One would think Afghanistan’s Taliban government has plenty to keep it busy: the banking system is collapsing; it is the target of crippling sanctions; the economy has ground to a halt; Isis conducts regular terror attacks; and not a single country has recognised their government. Yet instead of formulating a sensible plan to tackle these challenges, the Taliban are choosing to occupy their time with the issuance of increasingly preposterous edicts regarding girls and women. This is exasperating and disappointing. But it is also intriguing, because there are growing indications that this issue is starting to split the ranks of the Taliban.
Even within the iconoclastic organisation, there are some for whom this forced backward march does not make sense. It’s one thing to be highly pious and ultra-conservative. It’s quite another to blast out eccentric, made-up rules with no foundation in mainstream Islamic doctrine or Afghan history and custom. Today, it’s all too easy to imagine a bunch of bearded old men sitting around in Kandahar dreaming up the next ridiculous way to annoy girls and women: girls above the age of 12 turned away on the first day of school; female university students ordered by guards not to wear scarves that are too cheerful in colour; female news anchors told they must cover their entire faces except for the eyes. So much for the hopes that this time around, the Taliban would be different.
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The conclusion from all this seems obvious: after seeming to have learned from the failure of their previous time in power, the Taliban are now back to oppression as usual. Yet a more granular look reveals a peculiar vacillation in the Taliban’s edicts on women.
Under the current regime, an order is announced — then, right away, it is partially taken back or softened. Attempts are made to enforce it, but these are also erratic and uneven. Flurries of contradictory explanations and announcements follow. We’re told that girls in Grade 6 and above will not return to school. Wrong — they will, just not yet. We’re told this is because additional female teachers need to be recruited. Wrong again — it’s because a more concealing Islamic school uniform needs to be designed and manufactured. As for adult women, we’re told they must wear a hijab, but then that a headscarf is sufficient. Actually, no it isn’t: they must wear the burqa and be covered up completely. Well, no, it doesn’t have to be an actual burqa, a hijab is fine after all. But wait, they must also cover their necks and faces except for the eyes. But that’s just a recommendation, not a requirement. But it will be enforced.
What is going on here? Are the Taliban collectively maniacal, changing their minds as their mood shifts? It’s unlikely — you don’t fight and win a 20-year insurgency by being indecisive. Rather, these sequences of contradictory statements reflect their internal divisions on how to govern, and where they want the country to go. A tug of war is taking place and the cracks are starting to show.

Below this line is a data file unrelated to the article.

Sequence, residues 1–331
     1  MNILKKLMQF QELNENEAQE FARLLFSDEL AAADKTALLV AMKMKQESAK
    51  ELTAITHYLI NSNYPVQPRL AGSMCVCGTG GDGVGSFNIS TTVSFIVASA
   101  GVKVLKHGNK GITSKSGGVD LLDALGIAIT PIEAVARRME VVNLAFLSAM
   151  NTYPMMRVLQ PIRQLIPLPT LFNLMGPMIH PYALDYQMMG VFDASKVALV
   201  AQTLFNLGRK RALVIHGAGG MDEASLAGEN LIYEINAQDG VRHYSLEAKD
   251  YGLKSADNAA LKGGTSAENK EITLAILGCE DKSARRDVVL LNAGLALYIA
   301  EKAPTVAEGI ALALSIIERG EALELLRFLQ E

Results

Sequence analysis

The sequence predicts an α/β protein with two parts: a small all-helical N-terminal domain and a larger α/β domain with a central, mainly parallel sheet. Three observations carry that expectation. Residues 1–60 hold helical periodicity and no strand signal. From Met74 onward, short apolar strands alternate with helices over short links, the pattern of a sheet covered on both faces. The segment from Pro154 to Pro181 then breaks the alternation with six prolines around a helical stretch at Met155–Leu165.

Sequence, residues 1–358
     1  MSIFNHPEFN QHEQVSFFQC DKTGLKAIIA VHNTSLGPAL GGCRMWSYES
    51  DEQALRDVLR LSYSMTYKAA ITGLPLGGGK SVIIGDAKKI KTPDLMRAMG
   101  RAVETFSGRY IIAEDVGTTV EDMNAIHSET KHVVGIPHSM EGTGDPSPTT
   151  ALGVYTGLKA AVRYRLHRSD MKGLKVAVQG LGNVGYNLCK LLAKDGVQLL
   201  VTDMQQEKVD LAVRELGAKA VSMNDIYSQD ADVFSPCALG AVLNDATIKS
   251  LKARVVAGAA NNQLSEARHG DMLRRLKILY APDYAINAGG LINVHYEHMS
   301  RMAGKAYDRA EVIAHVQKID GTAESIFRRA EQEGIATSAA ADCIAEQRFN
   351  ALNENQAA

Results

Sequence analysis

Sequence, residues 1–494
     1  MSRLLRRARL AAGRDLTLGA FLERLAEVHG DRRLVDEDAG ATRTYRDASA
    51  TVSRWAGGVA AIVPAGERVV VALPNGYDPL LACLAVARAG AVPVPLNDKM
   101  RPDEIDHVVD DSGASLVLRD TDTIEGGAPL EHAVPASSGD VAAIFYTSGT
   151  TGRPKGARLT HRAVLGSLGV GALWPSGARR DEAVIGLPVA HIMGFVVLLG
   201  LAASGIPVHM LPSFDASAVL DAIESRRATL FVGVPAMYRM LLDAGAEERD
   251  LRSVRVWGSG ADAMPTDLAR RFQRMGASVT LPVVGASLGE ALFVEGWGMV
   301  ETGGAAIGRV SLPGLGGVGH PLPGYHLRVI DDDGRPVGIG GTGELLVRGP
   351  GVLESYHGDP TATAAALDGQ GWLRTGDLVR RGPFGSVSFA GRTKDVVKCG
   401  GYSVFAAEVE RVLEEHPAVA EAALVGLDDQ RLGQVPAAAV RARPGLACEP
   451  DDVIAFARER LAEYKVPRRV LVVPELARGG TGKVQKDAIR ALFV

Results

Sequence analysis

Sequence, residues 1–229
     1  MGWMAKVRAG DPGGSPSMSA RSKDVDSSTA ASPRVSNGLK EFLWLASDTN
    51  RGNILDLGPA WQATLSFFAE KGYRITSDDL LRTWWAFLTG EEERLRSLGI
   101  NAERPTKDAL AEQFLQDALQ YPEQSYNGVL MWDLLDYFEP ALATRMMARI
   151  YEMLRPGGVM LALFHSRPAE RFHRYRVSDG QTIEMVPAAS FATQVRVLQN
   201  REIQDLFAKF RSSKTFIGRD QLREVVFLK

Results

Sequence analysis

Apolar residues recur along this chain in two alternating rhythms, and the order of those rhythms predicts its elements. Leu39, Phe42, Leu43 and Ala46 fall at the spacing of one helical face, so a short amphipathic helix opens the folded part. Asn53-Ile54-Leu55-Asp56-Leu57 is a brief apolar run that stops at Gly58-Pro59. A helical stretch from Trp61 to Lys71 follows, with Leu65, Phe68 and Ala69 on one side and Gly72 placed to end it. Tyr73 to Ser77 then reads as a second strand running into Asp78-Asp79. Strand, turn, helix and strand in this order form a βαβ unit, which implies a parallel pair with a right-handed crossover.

Already there have been a number of eruptions. In a recent speech, Sher Mohammad Abbas Stanikzai, a high-ranking Talib, went so far as to accuse those calling for the exclusion of girls from middle and high-school education of disrespecting shariah. Because how could girls and women claim their Prophet-given rights if they can’t get enough education to learn what those are? More astonishing still are the credible reports of shouting matches between the Supreme Leader in Kandahar, Haibatullah Akhunzada, and his own bodyguards, in which the latter accused him of wasting the sacrifices made by their comrades and turning the country into an impoverished backwater shunned by all.
These rumblings in the ranks are partly down to the fact that today’s Taliban is more like a multi-party system. In one corner we have the Doha Group, which consists of those Taliban who were involved in the peace negotiations. For years they lived in Qatar, which, while unimpeachably Islamic, is not neurotic on the subject of women. Education is universal and excellent. There are high-profile women in corporate and political life. Both men and women wear traditional dress that includes a head covering, but women are not expected to conceal their faces or to stay at home. Public life is very family-oriented, with malls and parks populated by happy, relaxed parents and their children enjoying their leisure time together. All of this was not lost on the Afghans. Indeed, many of them left their families there when they returned to Afghanistan to join the government.
Then there is the Haqqani Group, which was based in Pakistan. While the country is conservative, it is also home to strong, publicly engaged women: politicians including heads of state, entrepreneurs, cultural icons, scientists. Their Taliban guests took note. There are also regional Taliban power centres which, due to the decentralised nature of an effective insurgency, are accustomed to exercising considerable autonomy. The Taliban is not a hierarchical organisation, nor does Akhunzada have the theological position or weight of, say, Ayatollah Khomeini. So to have him issue consequential pronouncements on his own, without consultation, rankles.